Self‐Assembly of Colloidal Nanoparticles in Printing Processes: Interview with Hong Zhao

by | Apr 12, 2019

Hong Zhao talks about her research, inspirations, and the sense of responsibilty that drives her pursuit of excellence.

Hong Zhao is an Assistant Professor at the Department of Mechanical and Nuclear Engineering at Virginia Commonwealth University (VCU). With a scientific background in mechanical engineering, she is now in her fifth year at VCU after eight years working in industry.

Zhao’s current research focuses on discovering and understanding new self-assembly mechanisms of colloidal particles. Self-assembly is a process in which organized aggregates spontaneously form from individual components, with sizes ranging from the molecular to the macroscopic scale.

In Zhao’s group, they look at implementing colloidal nanoparticles in a large-scale printing process for micro/nano manufacturing. To learn more about this, check out her comprehensive paper published on the topic.

What is so exciting about this topic, according to Zhao, is the great variety of application perspectives for smart and functional devices fabricated by printing, such as printed electronics, energy-storage devices, or implantable medical devices. But—as so often in science—these processes are also linked with challenges; in her opinion, the main one remains the precise control of the assembly and patterning of colloidal particulates during the printing process, especially when it comes to low-dimensional anisotropic nanomaterials.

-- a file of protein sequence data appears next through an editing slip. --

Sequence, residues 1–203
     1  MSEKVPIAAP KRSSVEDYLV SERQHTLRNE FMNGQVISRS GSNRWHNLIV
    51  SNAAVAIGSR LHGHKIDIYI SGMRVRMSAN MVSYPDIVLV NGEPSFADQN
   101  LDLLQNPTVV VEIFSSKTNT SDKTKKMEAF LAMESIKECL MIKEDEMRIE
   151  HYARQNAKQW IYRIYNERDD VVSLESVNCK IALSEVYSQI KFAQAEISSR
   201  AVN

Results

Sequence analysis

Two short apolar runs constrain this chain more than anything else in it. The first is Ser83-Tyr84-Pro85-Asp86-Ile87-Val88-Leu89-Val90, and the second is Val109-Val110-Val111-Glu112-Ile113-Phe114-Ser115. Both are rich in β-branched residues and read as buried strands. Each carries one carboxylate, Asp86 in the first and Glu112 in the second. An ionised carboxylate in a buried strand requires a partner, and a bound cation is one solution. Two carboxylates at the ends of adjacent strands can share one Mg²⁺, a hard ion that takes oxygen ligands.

Zhao pursues the approach of forming well-ordered monolayer structures by assembling colloidal particles at the air–liquid interface, creating a new paradigm in generating coatings and functional devices through inkjet printing.

What drives Zhao to work hard and to strive for excellence in each of the roles that she takes is her sense of responsibility. She is inspired when she sees that her contributions have a positive impact on society, which fits well with her alternative career path; if she were not a scientist, Zhao thinks she would be a medical doctor.

When it comes to difficult decisions, she has always followed her mentor’s advice: “think about what and where you want to be in five years, prioritize your time and effort, and work towards your goal”.

In the future, in partnership with several collaborations, her group’s goals will focus on applying new printing processes to various low-dimensional materials, aiming at the fabrication of functional optical devices, wearable electronics, high-efficiency thermoelectrical devices, energy-storage devices, and anisotropic gradient magnetic devices.

In honor of the 5th anniversary of Advanced Materials Interfaces, please also watch out for additional articles and posts related to our celebration on Advanced Science News.

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